8. The process of claim 4 wherein the radiation to which the resist material is exposed is e-beam radiation.
9. The process of claim 3 wherein the resist material further comprises a third component that enhances the phase compatibility of the matrix polymer and the modifier polymer, the third component having a plurality of hydroxyl moieties.
10. The process of claim 3 wherein the resist material further comprises a dissolution promoter that enhances the sensitivity of the energy-sensitive resist material which is 4-(4- 1,1-Bis(4-hydroxyphenyl)ethyl!-α,αdimethylbenzyl)phenol.
This application is a continuation of application Ser. No. 08/282870, filed on Jul. 29, 1994, now abandoned.
1. Field of the Invention
The invention is directed to a lithographic process for device fabrication or mask fabrication in which a resist material that is a combination of a matrix polymer and an energy sensitive modifier polymer is used.
2. Art Background
Processes for device or mask fabrication frequently utilize lithographic processes in which a pattern is introduced into an energy sensitive resist material by patternwise exposing the resist to radiation and developing the image of the pattern introduced by the patternwise exposure. The pattern is then transferred into the underlying substrate. Energy sensitive resist materials that are a combination of a resist polymer such as a novolac resin and an energy sensitive modifier material such as a polymer that will cleave when the resist material is exposed to radiation are described in U.S. Pat. No. 4,289,845 to Bowden et al. and U.S. Pat. No. 4,398,001 to Cheng et al., the disclosures of which are hereby incorporated by reference. The modifier polymer is substantially insoluble in a developer solution relative to the novolac resin. When the modifier polymer is combined with the matrix polymer, the resulting blend is rendered substantially insoluble in the developer solution. When the modifier polymer is exposed to radiation, however, it cleaves, and that cleavage propagates a reaction that causes the fragmented modifier polymer to depolymerize. This renders the portion of the resist material that is exposed to radiation substantially more soluble in developer solution than the resist material that is not exposed to radiation.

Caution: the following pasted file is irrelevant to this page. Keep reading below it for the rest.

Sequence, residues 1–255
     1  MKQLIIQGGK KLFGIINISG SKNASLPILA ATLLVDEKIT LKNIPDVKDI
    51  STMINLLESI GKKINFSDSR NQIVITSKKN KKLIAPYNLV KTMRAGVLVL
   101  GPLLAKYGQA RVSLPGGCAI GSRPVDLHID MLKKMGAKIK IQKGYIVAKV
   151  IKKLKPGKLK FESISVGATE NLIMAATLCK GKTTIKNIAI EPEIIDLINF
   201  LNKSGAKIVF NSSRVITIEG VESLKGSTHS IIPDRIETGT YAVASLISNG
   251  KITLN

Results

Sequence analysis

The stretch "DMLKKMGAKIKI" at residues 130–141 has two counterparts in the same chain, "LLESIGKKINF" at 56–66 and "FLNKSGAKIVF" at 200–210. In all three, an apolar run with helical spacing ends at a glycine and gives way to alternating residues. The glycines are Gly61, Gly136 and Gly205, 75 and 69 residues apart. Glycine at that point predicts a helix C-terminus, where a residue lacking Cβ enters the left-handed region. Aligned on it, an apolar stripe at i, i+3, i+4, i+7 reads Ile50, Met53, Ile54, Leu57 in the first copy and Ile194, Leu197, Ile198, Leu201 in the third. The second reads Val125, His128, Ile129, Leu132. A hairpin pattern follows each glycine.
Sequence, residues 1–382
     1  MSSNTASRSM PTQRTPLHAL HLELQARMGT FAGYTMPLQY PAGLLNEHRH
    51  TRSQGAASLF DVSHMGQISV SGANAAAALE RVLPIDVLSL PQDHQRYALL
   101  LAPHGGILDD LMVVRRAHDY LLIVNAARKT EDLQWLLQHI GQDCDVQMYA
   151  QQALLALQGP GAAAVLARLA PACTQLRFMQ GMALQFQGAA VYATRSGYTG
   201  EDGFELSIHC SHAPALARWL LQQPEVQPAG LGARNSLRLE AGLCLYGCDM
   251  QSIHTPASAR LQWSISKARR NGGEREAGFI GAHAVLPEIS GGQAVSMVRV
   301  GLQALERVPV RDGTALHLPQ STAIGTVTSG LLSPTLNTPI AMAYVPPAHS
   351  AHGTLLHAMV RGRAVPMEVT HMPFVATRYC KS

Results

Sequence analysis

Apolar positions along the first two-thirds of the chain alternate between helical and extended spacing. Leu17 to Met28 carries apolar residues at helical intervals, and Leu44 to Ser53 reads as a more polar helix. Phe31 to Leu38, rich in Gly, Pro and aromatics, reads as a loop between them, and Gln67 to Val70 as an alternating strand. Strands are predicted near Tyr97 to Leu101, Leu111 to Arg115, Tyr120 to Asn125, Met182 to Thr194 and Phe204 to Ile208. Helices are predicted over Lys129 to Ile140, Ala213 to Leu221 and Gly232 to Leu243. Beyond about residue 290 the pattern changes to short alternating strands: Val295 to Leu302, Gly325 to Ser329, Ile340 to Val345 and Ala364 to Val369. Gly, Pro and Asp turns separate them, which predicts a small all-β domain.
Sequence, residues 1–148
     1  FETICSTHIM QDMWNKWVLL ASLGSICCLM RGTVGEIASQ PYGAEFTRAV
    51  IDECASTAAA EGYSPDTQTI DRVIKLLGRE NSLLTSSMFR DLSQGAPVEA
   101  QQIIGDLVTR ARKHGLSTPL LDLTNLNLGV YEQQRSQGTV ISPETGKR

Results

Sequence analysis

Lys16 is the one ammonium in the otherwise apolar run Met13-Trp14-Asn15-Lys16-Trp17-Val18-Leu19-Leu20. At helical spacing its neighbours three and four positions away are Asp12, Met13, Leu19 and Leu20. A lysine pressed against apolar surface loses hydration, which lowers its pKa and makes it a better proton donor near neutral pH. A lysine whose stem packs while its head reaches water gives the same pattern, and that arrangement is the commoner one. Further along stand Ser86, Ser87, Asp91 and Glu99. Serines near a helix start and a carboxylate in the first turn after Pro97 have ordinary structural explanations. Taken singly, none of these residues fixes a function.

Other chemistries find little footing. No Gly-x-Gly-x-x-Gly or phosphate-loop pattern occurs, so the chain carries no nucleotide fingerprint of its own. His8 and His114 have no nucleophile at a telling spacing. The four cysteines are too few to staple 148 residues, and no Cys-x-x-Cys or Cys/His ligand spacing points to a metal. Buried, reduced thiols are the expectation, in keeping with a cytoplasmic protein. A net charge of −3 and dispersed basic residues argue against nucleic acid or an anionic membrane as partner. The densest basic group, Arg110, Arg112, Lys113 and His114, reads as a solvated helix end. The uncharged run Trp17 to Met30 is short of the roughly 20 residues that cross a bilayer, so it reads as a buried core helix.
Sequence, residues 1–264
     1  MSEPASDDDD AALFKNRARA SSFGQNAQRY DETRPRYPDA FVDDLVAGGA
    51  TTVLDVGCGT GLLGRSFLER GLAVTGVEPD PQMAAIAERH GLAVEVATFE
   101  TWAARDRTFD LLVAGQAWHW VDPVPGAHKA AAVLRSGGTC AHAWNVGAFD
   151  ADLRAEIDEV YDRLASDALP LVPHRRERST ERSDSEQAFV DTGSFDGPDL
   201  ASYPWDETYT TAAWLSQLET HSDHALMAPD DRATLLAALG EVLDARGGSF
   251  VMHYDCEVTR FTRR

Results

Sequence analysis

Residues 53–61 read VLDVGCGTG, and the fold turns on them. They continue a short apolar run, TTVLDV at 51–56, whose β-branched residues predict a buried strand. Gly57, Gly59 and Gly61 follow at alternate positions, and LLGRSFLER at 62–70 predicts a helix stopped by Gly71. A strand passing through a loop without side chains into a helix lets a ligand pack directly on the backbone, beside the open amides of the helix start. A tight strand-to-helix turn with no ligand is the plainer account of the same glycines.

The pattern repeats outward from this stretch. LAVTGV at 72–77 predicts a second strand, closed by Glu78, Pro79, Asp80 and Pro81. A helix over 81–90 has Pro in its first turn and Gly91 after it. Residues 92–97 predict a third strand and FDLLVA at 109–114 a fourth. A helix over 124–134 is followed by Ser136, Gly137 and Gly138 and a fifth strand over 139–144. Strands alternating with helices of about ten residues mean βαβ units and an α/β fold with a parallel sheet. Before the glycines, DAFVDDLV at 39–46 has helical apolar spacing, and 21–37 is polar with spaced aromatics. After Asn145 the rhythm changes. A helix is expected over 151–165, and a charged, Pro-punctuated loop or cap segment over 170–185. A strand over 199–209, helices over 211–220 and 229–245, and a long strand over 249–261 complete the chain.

In these processes, it is important for the pattern that is introduced into the resist to be transferred in the underlying substrate with an accuracy that is commensurate with the process requirements. As device features get smaller, e.g. 0.5 μm or less, the need for accuracy increases. One of the factors that affects the accuracy with which the pattern is transferred into the underlying substrates is the uniformity of the pattern. A uniform pattern is one in which the sidewalls of the pattern through the resist material thickness are substantially perpendicular relative to the plane of the substrate. Therefore, energy sensitive resist materials that achieve this advantageous result, and processes in which these materials are used, are desired.
The process of the present invention is directed to a process for fabrication of an article such as a mask or a device in which an energy-sensitive resist material overlying a substrate is exposed to radiation. The substrate is typically a silicon or a chrome on glass substrate. In processes for device fabrication, the substrates may have dielectric and metal regions formed thereon. The radiation introduces a difference in the ease of removal from the substrate of the exposed portions of the resist material relative to the unexposed portions of the resist material by a developing agent.